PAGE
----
Emotional Feedback - Chronic Fear (2) - Resolutions (Cassette)
Related Topics: Interpersonal skillsFeedbackHiring and recruitmentEmployee performance managementManagement stylesManagement skills. Newsletter Promo Summaries and excerpts of the latest books, special offers, and more from Harvard Business Review Press. Sign up. This Product Also Appears In. Buy Together. Related Products. HBR Digital Article. By Pankaj Ghemawat. View Details. HBR Forethought Article.
Below are some examples of how you might turn negative emotions into more positive, productive thoughts. Jane, for example, received feedback indicating that the quality of her work was excellent but that her public presentations were boring.
Then she undertook to teach herself to present more effectively by observing several effective speakers and taking an introductory course in public speaking.
It was important for Jane to start with the easiest task—in this case, observing good speakers. She noted their gestures, the organization of their speeches, their intonation, timing, use of humor, and so forth.
Once she felt she understood what good speaking entailed, she was ready to take the introductory speaking course. These endeavors allowed her to improve her presentations. Pat yourself on the back as you make adaptive changes.
That may seem like unusual advice, given that feedback situations can rouse us to self-punishment and few of us are in the Emotional Feedback - Chronic Fear (2) - Resolutions (Cassette) of Emotional Feedback - Chronic Fear (2) - Resolutions (Cassette) ourselves.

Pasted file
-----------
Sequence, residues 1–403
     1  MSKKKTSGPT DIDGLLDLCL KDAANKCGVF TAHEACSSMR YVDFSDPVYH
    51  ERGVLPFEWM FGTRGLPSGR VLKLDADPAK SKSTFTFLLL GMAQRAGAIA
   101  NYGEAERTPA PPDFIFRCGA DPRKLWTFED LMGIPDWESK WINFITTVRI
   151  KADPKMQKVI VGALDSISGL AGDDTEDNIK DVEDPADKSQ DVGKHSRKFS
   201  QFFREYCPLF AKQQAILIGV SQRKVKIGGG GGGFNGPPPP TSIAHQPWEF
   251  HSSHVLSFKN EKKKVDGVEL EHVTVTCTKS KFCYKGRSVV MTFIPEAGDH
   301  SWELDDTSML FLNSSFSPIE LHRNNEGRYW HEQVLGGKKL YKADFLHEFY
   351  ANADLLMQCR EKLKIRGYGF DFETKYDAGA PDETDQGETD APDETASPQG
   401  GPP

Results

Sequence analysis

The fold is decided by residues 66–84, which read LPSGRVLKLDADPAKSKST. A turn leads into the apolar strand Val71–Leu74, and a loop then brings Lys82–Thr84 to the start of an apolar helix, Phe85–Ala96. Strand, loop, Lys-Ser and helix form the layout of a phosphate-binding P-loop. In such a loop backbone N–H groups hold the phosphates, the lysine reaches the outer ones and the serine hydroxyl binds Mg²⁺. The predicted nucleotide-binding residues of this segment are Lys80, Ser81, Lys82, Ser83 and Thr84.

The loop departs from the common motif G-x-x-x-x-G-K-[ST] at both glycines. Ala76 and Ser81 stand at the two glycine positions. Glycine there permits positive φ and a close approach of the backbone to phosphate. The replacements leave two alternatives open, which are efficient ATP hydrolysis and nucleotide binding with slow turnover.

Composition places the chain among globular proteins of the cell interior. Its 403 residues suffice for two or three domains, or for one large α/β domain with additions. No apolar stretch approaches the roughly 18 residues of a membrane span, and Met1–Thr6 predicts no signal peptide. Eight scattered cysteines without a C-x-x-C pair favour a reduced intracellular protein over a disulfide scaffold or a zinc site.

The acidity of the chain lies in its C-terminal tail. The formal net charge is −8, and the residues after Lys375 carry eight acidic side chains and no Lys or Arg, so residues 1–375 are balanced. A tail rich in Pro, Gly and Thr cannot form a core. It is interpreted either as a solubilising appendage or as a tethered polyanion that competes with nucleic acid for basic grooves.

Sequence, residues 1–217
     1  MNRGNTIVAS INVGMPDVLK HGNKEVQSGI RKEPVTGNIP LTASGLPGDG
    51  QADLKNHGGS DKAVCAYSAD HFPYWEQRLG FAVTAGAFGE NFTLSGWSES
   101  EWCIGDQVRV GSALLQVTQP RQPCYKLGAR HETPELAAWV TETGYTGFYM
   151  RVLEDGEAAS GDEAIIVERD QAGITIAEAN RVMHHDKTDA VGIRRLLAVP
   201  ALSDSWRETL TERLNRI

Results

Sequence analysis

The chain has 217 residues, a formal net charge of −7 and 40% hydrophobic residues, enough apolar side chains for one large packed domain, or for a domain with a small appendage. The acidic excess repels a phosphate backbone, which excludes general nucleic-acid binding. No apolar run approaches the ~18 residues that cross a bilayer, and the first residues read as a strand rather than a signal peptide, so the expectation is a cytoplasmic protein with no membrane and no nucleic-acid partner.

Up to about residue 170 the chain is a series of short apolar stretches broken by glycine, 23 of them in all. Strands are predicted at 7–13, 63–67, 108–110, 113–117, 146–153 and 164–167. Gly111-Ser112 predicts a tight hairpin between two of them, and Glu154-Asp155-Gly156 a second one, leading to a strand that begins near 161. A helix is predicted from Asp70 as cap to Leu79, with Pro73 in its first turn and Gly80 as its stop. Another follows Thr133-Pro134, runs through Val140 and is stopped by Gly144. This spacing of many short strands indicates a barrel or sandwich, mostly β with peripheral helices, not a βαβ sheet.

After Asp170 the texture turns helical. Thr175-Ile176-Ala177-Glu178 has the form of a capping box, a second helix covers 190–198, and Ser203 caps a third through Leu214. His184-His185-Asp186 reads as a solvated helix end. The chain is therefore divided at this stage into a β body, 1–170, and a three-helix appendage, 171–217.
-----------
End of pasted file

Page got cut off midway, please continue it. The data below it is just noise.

Nevertheless, nowhere is it written that the feedback process must be a wholly negative experience. Just as a salary raise or a bonus provides incentive to improve performance, rewarding yourself whenever you take an important step in the process will help you to persevere in your efforts. The incentive should be commensurate with the achievement. For example, an appropriate reward for completing a self-assessment might be an uninterrupted afternoon watching ESPN or, for a meeting with the boss, a fine dinner out.
The proactive feedback process we recommend consists of four manageable steps: self-assessment, external feedback, absorbing the feedback, and taking action toward change. The story of Bob, a vice president of human resources, illustrates how one executive used the four-step process to take charge of his work life.
When we first met Bob, he had been on the job for three years and felt he was in a feedback vacuum. Once a year, toward the end of December, Harry—the gruff, evasive CEO to whom he reported—would call Bob in, tell him what a fine job he had been doing, announce his salary for the following year, and give him a small bonus. But this year, Bob had been dealing with thorny issues—including complaints from senior female executives about unfair compensation—and needed some Emotional Feedback - Chronic Fear (2) - Resolutions (Cassette) feedback.
Bob wondered how Harry viewed his work. Did Harry intend to retain Bob in his current position? We encouraged Bob to begin by assessing his own performance. Self-assessment can be a tough assignment, particularly if one has never received useful feedback to begin with.
The first task in self-assessment was for Bob to determine which elements of his job were most important. The second was to recall informal feedback he had received from coworkers, subordinates, and customers—not only words, but facial expressions, body language, and silences.
Bob took several weeks to do his self-assessment. Once we helped him realize that he was procrastinating with the assessment, he enlisted a support system—his wife and an old college buddy—who encouraged him to finish his tally of recollections.